Learning to cope with low vision together
After Baltimore resident Ruth Hoffman was diagnosed with macular degeneration, she heard from a friend about a free low-vision support group that meets twice a month at the Edward A. Myerberg Senior Center.
“I found out the program was sponsored by Jewish Community Services (JCS), a good organization, and I decided to attend,” said Hoffman.
“It’s a very informal group, mostly seniors, and everyone speaks frankly about their disability,” she added. “Sometimes we go around the table and share helpful tips with each other.”
The group facilitator, JCS Elder Care Specialist Rachel Brodsky, explained that the group has about 15 regulars, mostly women, with quite a few in their 90s.
“Our goal is to make life as easy as possible for the blind and to meet them where they are in their condition,” said Brodsky. “It’s a free group that offers support and the latest information on medical and technological advances and treatments.”
Support for the program is provided by the Sylvan and Isabelle Ribakow Low Vision Support Group Endowment Fund of JCS.
Brodsky said there are different reasons group members have lost their vision, and they function at many different levels [of sight].
“The thing they share in common is they all benefit from the camaraderie and enjoy coming, and they benefit from hearing from others who are going through the same things. It’s their group; they have really taken ownership.”
According to Brodsky, the main focus of the group is technology, with an emphasis on smart devices such as Google Home, Alexa, iPhones and advanced magnifying devices.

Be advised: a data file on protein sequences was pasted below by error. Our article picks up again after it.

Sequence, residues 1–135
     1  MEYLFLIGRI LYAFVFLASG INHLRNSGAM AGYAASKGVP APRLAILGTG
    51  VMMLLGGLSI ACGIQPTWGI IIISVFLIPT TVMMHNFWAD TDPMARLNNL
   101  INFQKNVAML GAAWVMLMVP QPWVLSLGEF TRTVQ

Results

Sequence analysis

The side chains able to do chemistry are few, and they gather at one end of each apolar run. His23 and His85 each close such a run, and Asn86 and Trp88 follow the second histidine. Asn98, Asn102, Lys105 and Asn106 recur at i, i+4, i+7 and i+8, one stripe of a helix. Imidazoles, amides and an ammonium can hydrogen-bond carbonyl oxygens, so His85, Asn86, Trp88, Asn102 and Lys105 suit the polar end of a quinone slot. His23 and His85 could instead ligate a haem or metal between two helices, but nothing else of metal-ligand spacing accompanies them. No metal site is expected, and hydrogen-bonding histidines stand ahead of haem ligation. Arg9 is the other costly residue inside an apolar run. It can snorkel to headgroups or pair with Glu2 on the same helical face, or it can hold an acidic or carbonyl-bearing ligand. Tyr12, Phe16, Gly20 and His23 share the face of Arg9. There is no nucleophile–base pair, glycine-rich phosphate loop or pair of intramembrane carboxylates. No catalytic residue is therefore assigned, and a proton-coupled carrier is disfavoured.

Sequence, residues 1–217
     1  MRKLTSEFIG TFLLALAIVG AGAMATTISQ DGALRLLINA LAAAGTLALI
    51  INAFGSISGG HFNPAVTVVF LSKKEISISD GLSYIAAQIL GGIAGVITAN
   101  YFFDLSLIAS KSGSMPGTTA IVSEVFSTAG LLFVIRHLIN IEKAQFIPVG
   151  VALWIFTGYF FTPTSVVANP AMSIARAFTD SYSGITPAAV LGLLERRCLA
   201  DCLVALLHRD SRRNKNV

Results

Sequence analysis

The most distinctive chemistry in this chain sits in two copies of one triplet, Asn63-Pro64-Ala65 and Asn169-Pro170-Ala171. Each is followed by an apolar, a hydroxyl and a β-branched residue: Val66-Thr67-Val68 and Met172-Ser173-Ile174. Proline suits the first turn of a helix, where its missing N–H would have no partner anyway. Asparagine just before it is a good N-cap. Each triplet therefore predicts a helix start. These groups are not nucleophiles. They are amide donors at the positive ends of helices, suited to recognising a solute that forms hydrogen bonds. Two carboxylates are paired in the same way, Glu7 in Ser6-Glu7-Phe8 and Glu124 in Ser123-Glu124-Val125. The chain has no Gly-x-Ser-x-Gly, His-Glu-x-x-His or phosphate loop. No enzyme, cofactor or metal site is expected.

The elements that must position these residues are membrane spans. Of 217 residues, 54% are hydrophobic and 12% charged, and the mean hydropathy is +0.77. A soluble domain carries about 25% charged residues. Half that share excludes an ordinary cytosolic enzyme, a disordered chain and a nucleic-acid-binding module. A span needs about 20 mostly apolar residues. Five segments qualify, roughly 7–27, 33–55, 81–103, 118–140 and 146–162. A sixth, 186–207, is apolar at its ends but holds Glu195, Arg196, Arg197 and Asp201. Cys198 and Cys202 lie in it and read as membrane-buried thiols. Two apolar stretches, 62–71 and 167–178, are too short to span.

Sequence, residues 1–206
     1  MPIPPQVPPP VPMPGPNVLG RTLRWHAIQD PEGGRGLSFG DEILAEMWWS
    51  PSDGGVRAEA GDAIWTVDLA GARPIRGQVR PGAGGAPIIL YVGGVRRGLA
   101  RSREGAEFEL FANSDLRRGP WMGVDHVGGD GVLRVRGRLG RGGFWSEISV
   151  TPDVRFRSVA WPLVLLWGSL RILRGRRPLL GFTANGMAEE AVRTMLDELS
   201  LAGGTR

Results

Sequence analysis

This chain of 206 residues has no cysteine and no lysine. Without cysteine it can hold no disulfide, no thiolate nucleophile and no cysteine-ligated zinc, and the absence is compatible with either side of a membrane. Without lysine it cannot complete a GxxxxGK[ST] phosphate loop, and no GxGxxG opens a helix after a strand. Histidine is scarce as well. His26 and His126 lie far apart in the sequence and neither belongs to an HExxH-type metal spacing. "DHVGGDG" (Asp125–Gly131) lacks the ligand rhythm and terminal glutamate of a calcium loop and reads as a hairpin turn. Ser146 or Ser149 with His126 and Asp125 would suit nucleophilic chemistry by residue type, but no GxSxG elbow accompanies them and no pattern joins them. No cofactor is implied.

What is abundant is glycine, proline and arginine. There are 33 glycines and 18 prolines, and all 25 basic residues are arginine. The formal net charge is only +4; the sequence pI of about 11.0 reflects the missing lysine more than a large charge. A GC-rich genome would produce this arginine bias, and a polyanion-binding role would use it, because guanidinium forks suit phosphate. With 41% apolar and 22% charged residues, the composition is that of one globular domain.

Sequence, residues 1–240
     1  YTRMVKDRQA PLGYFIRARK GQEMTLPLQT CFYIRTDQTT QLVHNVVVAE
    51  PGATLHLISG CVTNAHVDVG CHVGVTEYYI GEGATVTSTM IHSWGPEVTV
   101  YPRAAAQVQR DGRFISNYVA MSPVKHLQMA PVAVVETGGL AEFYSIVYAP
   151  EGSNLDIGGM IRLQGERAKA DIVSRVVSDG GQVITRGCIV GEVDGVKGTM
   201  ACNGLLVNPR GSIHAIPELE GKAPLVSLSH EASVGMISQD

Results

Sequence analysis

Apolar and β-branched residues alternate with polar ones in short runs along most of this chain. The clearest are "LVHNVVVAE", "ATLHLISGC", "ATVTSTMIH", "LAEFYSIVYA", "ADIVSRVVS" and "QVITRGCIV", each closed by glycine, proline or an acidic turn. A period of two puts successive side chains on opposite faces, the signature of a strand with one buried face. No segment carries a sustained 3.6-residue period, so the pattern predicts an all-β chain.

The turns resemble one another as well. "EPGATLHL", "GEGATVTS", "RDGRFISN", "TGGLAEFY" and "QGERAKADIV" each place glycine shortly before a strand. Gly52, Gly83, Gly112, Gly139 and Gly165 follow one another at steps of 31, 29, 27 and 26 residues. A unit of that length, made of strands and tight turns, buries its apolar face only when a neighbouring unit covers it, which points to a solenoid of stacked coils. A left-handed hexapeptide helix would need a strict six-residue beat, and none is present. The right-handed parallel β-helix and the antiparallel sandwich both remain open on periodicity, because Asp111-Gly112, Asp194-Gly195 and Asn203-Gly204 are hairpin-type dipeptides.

Occasionally the group hosts speakers from nonprofit organizations like the Maryland Technology Assistance Program (MDTAP), Blind Industries and Services of Maryland and others.
In fact, Hoffman said, one speaker from the Maryland Library for the Blind and Physically Handicapped changed her life.
“The speaker showed us how to use one piece of equipment that I found invaluable. Through this organization I received a tape recorder free of charge and a catalog of their books on tape.
“The CDs come through the U.S. Post Office and arrive at my door,” Hoffman continued. “They ship them for free, and I send them back for free.”
The speaker from the Maryland Technology Assistance Program (MDTAP) also impressed Hoffman. “She maintains a library near Morgan University. They have all kinds of equipment for people with vision and hearing loss. They brought equipment to our support group, and then invited us to come for a demonstration.”
Several members of the group drove to the university together. “It was well worth the trip,” Hoffman said. “They will lend you equipment for four weeks to see if you want to buy it, and they provide information on where you can buy it.”
Although Hoffman’s macular degeneration is not improving, she stays positive. “It’s been a challenge coping with this change,” she said. “I deal with it on a day-to-day basis.”
In spite of her disability, Hoffman feels gratitude for what she can still do. “So far, I’m living independently and I’m grateful for that. You see people who are in much worse condition than you are. When you’re up in years, you have to expect these things. I’m grateful I’m here.”
The group, which is open to the public, meets the second and fourth Thursday of each month (except in April and August), from 1:30 to 3 p.m., at the Edward A. Myerberg Center, 3101 Fallstaff Rd. Walk-ins are welcome, and there is no charge to participate.
At the May 9 meeting, Dr. Janet Sunness, medical director of the Hoover Low Vision Clinic at GBMC, will discuss dry macular degeneration.
For more information, contact Rachel Brodsky at (410) 843-7421 or email email@example.com.